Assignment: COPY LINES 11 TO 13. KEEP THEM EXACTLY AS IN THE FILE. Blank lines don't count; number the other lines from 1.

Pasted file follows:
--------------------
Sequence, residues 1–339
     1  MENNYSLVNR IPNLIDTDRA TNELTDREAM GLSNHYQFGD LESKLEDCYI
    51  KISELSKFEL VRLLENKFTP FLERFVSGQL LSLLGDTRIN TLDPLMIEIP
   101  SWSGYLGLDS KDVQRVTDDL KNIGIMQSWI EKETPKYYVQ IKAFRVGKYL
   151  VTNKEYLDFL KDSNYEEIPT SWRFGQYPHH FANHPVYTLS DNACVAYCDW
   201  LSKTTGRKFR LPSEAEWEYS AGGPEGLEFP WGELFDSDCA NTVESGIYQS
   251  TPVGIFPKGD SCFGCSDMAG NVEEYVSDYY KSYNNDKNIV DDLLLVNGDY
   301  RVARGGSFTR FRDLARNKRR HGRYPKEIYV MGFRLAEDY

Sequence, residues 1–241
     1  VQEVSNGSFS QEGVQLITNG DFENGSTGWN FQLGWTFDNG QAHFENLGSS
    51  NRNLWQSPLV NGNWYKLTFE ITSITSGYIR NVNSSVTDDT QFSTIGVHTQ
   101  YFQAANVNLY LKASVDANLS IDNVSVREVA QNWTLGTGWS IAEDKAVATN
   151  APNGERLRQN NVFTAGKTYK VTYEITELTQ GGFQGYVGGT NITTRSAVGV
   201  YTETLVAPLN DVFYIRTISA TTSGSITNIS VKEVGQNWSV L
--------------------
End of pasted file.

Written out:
    51  NRNLWQSPLV NGNWYKLTFE ITSITSGYIR NVNSSVTDDT QFSTIGVHTQ
   101  YFQAANVNLY LKASVDANLS IDNVSVREVA QNWTLGTGWS IAEDKAVATN
   151  APNGERLRQN NVFTAGKTYK VTYEITELTQ GGFQGYVGGT NITTRSAVGV